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Old 03-20-2011, 09:03 PM   #1
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Need immediate advice - stripped front engine mount yoke stud holes

Hi all,

Pulled my old engine mount out tonight and installed the new one. All was going well as I bolt the new mount up to the engine, tightened it, then lined up the yoke bolt holes with the matching holes on my 99 boxster's chassis.

I put 2 studs in no problem, tightened moderately with the nuts until it helped line up the others.

Put the next stud & nut in....tightened it....bam. Stud was tight and is now fully loose and pops out. Same thing happened with the one afterwards. Studs are slightly stripped and WILL NOT re-engage in the chassis. I spent 30 minutes trying to get them to re-thread, no luck.

What I need to know immediately is: can I take this to my mechanic and get him to tap out a new, larger (I'm guessing m12) threaded hole in the chassis and yoke?

Joe

P.s. Gently started and drove the car to test if I needed to flatbed it to mechanic - car drives fine with only 2 studs holding the yoke to the chassis. I felt safe with this considering how little real weight that front yoke carries. No ugly vibrations either.

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Old 03-20-2011, 09:27 PM   #2
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I am sure you can drive carefully to the shop.
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Old 03-20-2011, 09:42 PM   #3
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Thanks Andy, I'm confident in that too. I'm mainly wanting to make sure that new holes can be tapped into the yoke and chassis at that point. If not, I'm wondering about alternative solutions.

The boxster hadn't been started in 45 days and it absolutely purred to life within 1 second of twisting the key. Never started smoother than with this new engine mount
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Old 03-20-2011, 09:55 PM   #4
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One thing you can do is insert a Timecert - http://www.timesert.com/ .

These are pretty easily installed and are approved and used by Porsche.

They are plenty strong as this is Porsche's approved method of repairing stripped cylinder head stud taps on the block - if they can hold the cylinder head torques, they'll definitely work in this case.

Depending upon what you pay your mechanic, it may well pay you to buy a repair kit and do it yourself. Afterward, you can either add the tool to your toolbox - there are several other areas on the Boxster which benefit from timecert repair, or do what I did - get the kit, make the repair (in my case a stripped swaybar mount tap) and then resell the kit on eBay (I sold mine for the same price I paid, so essentially a free repair).

Cheers!
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Old 03-20-2011, 10:10 PM   #5
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Nice. Mechanic will probably charge me $50 for an hour of his time fixing this (it'll take him 30 minutes, but his hourly is so low it's great). He's a great guy - I've seen him fixing up $500 dodge caravans from the late 1800s and replacing oil pans on ferarris. Car's going in for an emissions and inspection anyway, so this is just gravy.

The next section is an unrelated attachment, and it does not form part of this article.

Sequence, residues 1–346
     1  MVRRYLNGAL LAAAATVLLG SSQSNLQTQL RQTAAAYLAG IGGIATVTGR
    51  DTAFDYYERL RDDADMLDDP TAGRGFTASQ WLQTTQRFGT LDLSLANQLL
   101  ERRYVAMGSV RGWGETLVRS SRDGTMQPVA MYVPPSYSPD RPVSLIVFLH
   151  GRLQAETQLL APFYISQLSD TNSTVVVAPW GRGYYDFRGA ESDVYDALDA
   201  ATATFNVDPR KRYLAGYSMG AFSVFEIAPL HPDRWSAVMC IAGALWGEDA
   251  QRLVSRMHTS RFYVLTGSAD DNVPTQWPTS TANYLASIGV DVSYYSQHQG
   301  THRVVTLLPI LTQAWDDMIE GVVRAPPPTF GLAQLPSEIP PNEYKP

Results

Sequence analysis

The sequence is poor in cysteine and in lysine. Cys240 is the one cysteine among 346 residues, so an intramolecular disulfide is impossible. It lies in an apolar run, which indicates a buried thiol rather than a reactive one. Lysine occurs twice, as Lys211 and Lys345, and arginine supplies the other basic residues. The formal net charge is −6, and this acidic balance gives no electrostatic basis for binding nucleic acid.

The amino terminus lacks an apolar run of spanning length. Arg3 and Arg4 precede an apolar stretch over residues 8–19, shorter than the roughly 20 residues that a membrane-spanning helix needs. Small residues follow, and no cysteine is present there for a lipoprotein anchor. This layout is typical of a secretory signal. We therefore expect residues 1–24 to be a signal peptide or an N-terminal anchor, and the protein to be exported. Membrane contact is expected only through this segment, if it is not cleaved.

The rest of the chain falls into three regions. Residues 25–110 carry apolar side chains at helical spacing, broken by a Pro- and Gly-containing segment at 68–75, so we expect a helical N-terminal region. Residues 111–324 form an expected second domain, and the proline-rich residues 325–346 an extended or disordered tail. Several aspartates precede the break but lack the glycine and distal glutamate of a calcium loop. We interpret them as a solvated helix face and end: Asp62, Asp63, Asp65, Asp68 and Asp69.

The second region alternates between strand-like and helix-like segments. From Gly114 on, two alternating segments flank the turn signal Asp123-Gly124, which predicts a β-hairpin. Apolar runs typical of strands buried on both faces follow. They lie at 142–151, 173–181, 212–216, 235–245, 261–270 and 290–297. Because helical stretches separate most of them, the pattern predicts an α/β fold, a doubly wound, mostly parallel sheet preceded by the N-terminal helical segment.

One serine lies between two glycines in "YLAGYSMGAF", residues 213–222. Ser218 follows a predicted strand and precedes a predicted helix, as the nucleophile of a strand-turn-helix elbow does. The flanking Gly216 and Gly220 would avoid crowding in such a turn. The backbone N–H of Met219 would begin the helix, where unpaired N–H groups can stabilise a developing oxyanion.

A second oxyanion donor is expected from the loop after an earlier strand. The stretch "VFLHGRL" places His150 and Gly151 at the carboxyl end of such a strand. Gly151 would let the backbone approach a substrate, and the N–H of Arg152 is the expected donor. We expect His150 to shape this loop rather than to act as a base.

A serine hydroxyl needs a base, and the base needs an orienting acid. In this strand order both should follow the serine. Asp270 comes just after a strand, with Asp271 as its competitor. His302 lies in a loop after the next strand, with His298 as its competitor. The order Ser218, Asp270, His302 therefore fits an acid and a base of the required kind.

Really like that timesert stuff...a comprehensive kit (for more than one job) seems pretty expensive, but i'd order this for the future honestly next time this comes up. For now, I want my baby on the road....the weather is nice, insurance kicked back in on March 1st (3 months garaged rates), and it's time to start redlining again...

Joe
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Old 03-20-2011, 10:45 PM   #6
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I'm looking at replacing my motor mount this spring, and your problem is something I definitely want to avoid. In all the other threads I've seen on doing this job, I haven't seen this mentioned once. What exactly happened? Did you overtorque the bolts?
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Old 03-21-2011, 03:15 AM   #7
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Quote:
Originally Posted by Lil bastard
One thing you can do is insert a Timecert - http://www.timesert.com/ .

These are pretty easily installed and are approved and used by Porsche.

They are plenty strong as this is Porsche's approved method of repairing stripped cylinder head stud taps on the block - if they can hold the cylinder head torques, they'll definitely work in this case.

Depending upon what you pay your mechanic, it may well pay you to buy a repair kit and do it yourself. Afterward, you can either add the tool to your toolbox - there are several other areas on the Boxster which benefit from timecert repair, or do what I did - get the kit, make the repair (in my case a stripped swaybar mount tap) and then resell the kit on eBay (I sold mine for the same price I paid, so essentially a free repair).

Cheers!


These work very well, the key is to drill very perpendicular and perfectly square, like a human drill press, into the damaged surface.